Action at the Herculis Meeting in Monaco (© Getty Images)
Next week, track is back.
After a delay of more than three months, the World Athletics Continental Tour Gold meeting series kicks off on Tuesday (11) with the Paavo Nurmi Games in Turku, Finland. Three days later, the Herculis EBS Meeting in Monaco will signal the start of the scaled down 2020 Wanda Diamond League season.
As recently as two months ago, with event postponements and cancellations becoming the norm, it began to seem more and more unlikely that any season would emerge from the havoc that the coronavirus pandemic has left in its wake. But Jean-Pierre Schoebel and Jari Salonen, respectively the directors of the Monaco and Turku meetings, saw things differently.
From the beginning of the pandemic, both have continued their work under the assumption that their events would go ahead. Instead of waiting until next year, Salonen pushed his meet back two months, hoping the situation would improve. Schoebel too, bided his time. Lockdown restrictions in the Principality eventually eased, paving the way for his meet, like Turku’s, to go on after all, albeit under strict conditions.
“Life is beginning to start again,” Schoebel said. “The Herculis EBS meeting in Monaco gives the possibility to show that, yes we have been confined, but now life is starting again and that we can live again.”
But in order to do that, Schoebel added, “We have changed everything,” from the athletes’ travel and accommodation logistics to the way the competition will be staged and conducted. “We studied everything to ensure we'd provide the maximum security to everyone involved in the meeting.”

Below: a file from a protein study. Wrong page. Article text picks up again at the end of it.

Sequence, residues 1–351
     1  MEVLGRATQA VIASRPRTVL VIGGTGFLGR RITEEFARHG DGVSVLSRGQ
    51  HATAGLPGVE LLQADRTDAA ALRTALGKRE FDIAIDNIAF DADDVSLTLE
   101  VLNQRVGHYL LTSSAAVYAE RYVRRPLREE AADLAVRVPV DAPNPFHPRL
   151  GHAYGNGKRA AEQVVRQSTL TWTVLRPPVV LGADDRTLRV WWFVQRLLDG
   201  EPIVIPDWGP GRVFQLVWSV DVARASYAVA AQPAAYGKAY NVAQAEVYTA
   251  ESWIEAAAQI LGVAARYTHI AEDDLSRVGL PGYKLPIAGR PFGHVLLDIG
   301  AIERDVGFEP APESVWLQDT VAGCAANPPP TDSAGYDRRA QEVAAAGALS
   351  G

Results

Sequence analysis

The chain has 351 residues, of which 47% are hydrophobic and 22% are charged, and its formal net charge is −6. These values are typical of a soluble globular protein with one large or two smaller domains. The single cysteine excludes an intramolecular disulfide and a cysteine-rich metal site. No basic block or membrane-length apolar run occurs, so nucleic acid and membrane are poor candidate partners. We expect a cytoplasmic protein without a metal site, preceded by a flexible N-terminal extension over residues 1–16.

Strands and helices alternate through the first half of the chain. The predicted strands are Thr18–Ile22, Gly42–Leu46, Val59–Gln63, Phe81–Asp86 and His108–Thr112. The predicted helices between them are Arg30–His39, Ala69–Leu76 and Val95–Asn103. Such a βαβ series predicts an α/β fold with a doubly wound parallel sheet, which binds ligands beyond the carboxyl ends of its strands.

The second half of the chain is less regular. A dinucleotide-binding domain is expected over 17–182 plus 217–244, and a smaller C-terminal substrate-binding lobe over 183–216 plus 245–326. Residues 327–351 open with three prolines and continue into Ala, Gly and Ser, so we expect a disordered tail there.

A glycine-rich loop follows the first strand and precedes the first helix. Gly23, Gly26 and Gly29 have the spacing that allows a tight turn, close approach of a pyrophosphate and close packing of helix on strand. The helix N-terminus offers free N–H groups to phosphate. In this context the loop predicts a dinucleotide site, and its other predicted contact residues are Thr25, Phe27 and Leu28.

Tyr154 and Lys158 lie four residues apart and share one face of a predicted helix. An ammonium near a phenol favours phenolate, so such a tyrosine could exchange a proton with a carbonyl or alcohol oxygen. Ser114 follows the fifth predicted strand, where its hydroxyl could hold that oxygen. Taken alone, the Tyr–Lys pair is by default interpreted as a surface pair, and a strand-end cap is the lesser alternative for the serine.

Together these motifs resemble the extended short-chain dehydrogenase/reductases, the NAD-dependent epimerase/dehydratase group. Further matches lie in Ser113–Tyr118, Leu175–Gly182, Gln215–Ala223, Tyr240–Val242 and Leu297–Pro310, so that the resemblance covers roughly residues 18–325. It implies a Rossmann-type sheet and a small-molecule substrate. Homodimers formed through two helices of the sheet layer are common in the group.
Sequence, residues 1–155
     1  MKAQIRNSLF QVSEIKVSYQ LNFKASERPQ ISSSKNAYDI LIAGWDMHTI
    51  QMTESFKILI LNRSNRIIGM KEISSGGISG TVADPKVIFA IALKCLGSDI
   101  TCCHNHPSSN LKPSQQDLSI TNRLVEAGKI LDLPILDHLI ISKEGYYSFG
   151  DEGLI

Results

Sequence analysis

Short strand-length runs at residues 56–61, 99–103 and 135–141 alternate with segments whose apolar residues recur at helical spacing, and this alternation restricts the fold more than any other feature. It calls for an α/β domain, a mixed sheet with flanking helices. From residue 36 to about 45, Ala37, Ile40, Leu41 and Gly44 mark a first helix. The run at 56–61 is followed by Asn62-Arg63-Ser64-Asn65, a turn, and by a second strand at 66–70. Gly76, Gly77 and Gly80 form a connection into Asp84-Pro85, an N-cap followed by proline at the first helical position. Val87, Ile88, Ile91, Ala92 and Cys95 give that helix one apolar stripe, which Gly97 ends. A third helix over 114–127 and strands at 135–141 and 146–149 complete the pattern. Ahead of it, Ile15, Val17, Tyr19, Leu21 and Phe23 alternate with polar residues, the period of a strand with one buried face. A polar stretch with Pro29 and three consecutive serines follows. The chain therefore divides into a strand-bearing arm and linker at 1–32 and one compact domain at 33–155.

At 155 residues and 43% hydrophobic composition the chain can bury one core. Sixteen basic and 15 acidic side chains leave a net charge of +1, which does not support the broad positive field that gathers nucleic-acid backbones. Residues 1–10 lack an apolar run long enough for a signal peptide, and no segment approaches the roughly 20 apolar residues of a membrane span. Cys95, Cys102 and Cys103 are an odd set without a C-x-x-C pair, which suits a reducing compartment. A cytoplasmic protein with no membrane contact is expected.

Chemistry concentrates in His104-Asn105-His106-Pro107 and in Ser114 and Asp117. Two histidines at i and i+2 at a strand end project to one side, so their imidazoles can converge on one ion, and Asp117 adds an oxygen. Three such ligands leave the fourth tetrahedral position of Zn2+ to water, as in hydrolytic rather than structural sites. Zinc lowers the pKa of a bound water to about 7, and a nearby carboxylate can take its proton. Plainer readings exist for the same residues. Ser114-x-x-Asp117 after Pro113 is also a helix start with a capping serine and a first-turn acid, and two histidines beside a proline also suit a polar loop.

‘We've never worked as hard as this year’
Staging an international competition has its challenges under the best of times. Throw in a slew of unprecedented public health and safety concerns, global travel restrictions and painful budget cuts, and you find yourself facing a near impossible chore.
“We’ve never worked as hard as this year,” Schoebel said. “I can't tell you how difficult the situation has been.”
Especially with bringing athletes from the United States, Kenya and Uganda, for example, countries that are not yet on the European Union’s Schengen Area “safe” list, therefore limiting non-essential entry.
For months Schoebel and his team have worked closely with French and Monegasque authorities investigating ways to secure entry visas and formulate transport options for athletes arriving from outside of the European Union.
Mandatory testing in Monaco, selective in Turku
But the athletes, who include world and Olympic steeplechase champion Conseslus Kipruto, women’s steeplechase world record holder Beatrice Chepkoech and world 5000m champion Hellen Obiri, will have to adhere to strict health protocols prior to and upon arrival in Monaco. All will be tested for Covid-19 prior to departure and will be required to take another test upon arrival in Monaco before they’re cleared to compete.
Schoebel said he’ll require all athletes, even those arriving from within the European Union, to follow a strict testing protocol.
For Salonen and his team in Turku, the regimen won’t be quite as demanding since very few athletes will be arriving from outside of the Schengen zone.
“We made a decision quite early that we would concentrate on athletes coming only from Europe or within the Schengen area, to minimise the risk.”
Athletes arriving from countries not on Europe's current list of “safe” countries will be tested, he said.
“We will also be ready to test on-site. Finland is considered a very safe country, from our authorities’ point of view, so we are very careful with those coming from the other countries.”
The testing in Turku is also being organised with the Herculis meeting in mind.
"We have also agreed to help Monaco with some athletes, to test them in Turku in order for Monaco to know that healthy athletes are coming from Finland,” Salonen said. “I think this is very important, that meetings work together in order to make sure that athletes are healthy during the tour, and therefore the meet organisers can be more safe.